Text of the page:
Still reeling from the incredible experience of seeing the Grand Canyon from the air in a helicopter and from the Colorado River in a raft, we speedily hopped up to the top of the Grand Canyon in our chopper for yet another incredible experience. We landed at the small Grand Canyon West airport and were quickly loaded into a van for the short ride to the Grand Canyon Skywalk.
Because we were part of the Papillon tour group, we bypassed the long line of tourists waiting to access the Skywalk and headed to the locker area to empty our pockets and backpacks of all our belongings. They figured out pretty quickly when the Skywalk first opened on March 20, 2007 that they were not going to be able to allow tourists to take cameras, sunglasses, phones or any other paraphernalia onto the bridge because, as you are wont to do, people kept dropping things. Not into the Canyon, although I’m sure that happened as well, but onto the clear surface of the Skywalk itself and causing scratches. A scratched surface does not make for a clear view of the incredible Grand Canyon and Colorado River below.
On the way to the lockers, our tour guide pointed out some pictures on the wall of what looked like some glass with a spiderweb of cracks in it.
Kenneth “Bill” Karren of Lochsa Engineering in Las Vegas – the engineers who designed the Skywalk – found it interesting that the makers of the St. Gobain glass used in the bridge kept talking about how strong the glass was and that it could stop a bullet. He wondered it this was actually true and had them send him a sample of the glass. He took that piece of glass into the desert outside Las Vegas and shot a bullet right at it with his Weatherby .257 magnum rifle from 100 yards. Reassuringly, since thousands of people were going to be walking on that glass, it not only caught the bullet but held together.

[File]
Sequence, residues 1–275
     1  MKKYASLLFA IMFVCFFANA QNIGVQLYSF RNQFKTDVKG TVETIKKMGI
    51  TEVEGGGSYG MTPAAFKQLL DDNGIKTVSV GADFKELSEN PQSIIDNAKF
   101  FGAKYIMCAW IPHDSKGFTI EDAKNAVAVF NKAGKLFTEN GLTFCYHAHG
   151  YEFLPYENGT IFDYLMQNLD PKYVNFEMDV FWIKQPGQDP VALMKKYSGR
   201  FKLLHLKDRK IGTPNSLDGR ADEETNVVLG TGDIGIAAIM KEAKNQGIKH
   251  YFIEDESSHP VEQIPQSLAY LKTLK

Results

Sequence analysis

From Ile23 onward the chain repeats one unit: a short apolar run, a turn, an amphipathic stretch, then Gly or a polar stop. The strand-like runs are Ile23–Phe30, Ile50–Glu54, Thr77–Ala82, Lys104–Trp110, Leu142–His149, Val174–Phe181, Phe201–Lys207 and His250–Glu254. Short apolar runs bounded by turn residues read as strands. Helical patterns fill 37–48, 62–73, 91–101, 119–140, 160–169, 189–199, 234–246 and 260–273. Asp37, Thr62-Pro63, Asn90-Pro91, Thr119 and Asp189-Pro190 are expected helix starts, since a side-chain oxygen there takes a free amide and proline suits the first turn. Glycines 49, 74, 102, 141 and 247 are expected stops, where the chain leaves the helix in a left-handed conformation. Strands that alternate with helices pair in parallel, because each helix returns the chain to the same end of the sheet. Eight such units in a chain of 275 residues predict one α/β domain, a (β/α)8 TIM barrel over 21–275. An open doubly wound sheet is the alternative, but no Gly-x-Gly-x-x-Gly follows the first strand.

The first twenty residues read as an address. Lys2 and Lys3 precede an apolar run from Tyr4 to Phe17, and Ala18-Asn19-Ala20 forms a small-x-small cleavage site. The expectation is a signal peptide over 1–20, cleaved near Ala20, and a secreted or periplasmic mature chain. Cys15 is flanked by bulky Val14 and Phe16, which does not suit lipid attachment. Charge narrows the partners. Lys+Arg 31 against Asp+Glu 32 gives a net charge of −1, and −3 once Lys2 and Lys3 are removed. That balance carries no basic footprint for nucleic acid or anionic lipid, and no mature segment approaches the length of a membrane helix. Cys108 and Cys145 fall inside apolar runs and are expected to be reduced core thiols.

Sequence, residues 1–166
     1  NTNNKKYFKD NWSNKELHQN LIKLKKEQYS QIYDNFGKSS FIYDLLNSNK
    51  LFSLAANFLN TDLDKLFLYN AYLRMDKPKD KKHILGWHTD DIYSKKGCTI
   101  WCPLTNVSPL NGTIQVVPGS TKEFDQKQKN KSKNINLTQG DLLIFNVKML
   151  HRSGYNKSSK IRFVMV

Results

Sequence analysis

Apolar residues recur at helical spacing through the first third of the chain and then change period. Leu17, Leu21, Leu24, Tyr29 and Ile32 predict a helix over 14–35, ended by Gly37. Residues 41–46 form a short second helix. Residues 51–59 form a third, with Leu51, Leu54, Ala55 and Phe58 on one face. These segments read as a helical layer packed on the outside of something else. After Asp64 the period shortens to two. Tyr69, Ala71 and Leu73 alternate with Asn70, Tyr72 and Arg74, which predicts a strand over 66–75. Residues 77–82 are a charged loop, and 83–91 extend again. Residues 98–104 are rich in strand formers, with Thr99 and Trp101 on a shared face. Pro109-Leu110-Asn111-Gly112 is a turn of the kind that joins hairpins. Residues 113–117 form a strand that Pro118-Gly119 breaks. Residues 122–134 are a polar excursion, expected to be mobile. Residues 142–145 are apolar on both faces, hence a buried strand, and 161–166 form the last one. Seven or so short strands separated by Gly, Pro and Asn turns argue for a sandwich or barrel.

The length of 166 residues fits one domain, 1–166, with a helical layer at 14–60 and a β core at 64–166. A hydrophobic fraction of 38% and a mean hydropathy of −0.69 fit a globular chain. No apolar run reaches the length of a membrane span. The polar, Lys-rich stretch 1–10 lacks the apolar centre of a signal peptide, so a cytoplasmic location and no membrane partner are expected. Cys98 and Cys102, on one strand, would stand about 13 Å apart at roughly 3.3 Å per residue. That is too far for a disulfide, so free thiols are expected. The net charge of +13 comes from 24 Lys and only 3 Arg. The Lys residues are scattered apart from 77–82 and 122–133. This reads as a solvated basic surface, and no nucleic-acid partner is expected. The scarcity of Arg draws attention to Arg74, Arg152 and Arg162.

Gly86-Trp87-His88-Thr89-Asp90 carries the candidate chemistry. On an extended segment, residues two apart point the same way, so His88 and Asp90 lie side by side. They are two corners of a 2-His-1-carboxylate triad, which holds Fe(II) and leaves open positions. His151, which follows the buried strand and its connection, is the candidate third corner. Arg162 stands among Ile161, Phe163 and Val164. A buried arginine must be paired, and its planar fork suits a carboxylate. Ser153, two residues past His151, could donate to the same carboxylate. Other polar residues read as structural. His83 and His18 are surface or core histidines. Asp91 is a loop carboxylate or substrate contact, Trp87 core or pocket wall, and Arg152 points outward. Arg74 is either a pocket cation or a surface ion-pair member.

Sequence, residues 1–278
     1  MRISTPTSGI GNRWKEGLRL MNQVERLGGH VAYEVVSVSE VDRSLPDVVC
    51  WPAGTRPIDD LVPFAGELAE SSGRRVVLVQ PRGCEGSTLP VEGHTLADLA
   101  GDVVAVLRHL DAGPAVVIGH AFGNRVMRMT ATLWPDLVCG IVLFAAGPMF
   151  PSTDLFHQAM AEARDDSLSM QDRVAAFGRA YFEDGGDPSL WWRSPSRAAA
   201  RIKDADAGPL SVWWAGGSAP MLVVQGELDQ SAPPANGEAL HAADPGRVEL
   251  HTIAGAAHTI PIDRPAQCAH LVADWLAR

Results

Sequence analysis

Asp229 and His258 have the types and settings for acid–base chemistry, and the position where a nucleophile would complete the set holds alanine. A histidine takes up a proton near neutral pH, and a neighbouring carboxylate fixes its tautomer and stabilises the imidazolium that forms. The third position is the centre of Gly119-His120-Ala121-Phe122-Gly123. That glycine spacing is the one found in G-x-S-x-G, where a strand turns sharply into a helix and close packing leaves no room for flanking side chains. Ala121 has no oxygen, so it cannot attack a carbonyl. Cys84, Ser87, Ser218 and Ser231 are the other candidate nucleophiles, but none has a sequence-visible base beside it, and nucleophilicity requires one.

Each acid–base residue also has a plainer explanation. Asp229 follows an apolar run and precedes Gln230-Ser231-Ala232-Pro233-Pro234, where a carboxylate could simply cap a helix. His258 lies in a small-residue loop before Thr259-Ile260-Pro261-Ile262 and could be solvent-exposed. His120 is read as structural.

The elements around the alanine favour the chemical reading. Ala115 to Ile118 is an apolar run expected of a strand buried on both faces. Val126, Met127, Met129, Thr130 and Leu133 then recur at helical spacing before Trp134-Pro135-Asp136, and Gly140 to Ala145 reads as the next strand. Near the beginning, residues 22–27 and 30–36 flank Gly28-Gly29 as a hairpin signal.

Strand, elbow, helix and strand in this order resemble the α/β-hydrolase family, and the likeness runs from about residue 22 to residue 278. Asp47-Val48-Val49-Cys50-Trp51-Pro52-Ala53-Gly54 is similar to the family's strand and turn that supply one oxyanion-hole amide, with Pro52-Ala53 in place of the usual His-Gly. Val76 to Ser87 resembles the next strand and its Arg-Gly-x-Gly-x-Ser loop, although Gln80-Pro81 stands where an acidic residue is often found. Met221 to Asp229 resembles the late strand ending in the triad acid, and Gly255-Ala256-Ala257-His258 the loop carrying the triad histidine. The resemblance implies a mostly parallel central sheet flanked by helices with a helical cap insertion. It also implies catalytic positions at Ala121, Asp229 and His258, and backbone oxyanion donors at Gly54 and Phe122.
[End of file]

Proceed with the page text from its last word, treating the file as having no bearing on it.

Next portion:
This was pretty reassuring to everyone except me, since I was not truly thrilled about standing on a piece of clear glass and looking down 4,000 feet to the bottom of the Canyon and the Colorado River. With some degree of trepidation, I slipped the soft covers over my sandals (like operating room shoe covers) and followed my husband out onto the Skywalk.
He strode out onto the clear glass with no fear. I edged out onto the side, hanging onto the railing for dear life. And I don’t think I ever let go. However. I must admit that it was pretty.darn.incredible. And you should absolutely go.
Since they don’t allow you to take photos on the Skywalk itself, they have photographers who take pictures of you. You can purchase them, but we got some included as part of our Papillon tour. The photographer told us to lean back and pretend we were falling. Not. gonna.happen. My husband, however, got totally into the moment. And things like this are precisely why I bring him with me on trips. He provides the comedic relief. Also, notice the crazy shoe covers.
The view was completely stupendous. These photos were actually taken after we left the Skywalk and walked around, but this was the view we saw from the Skywalk itself.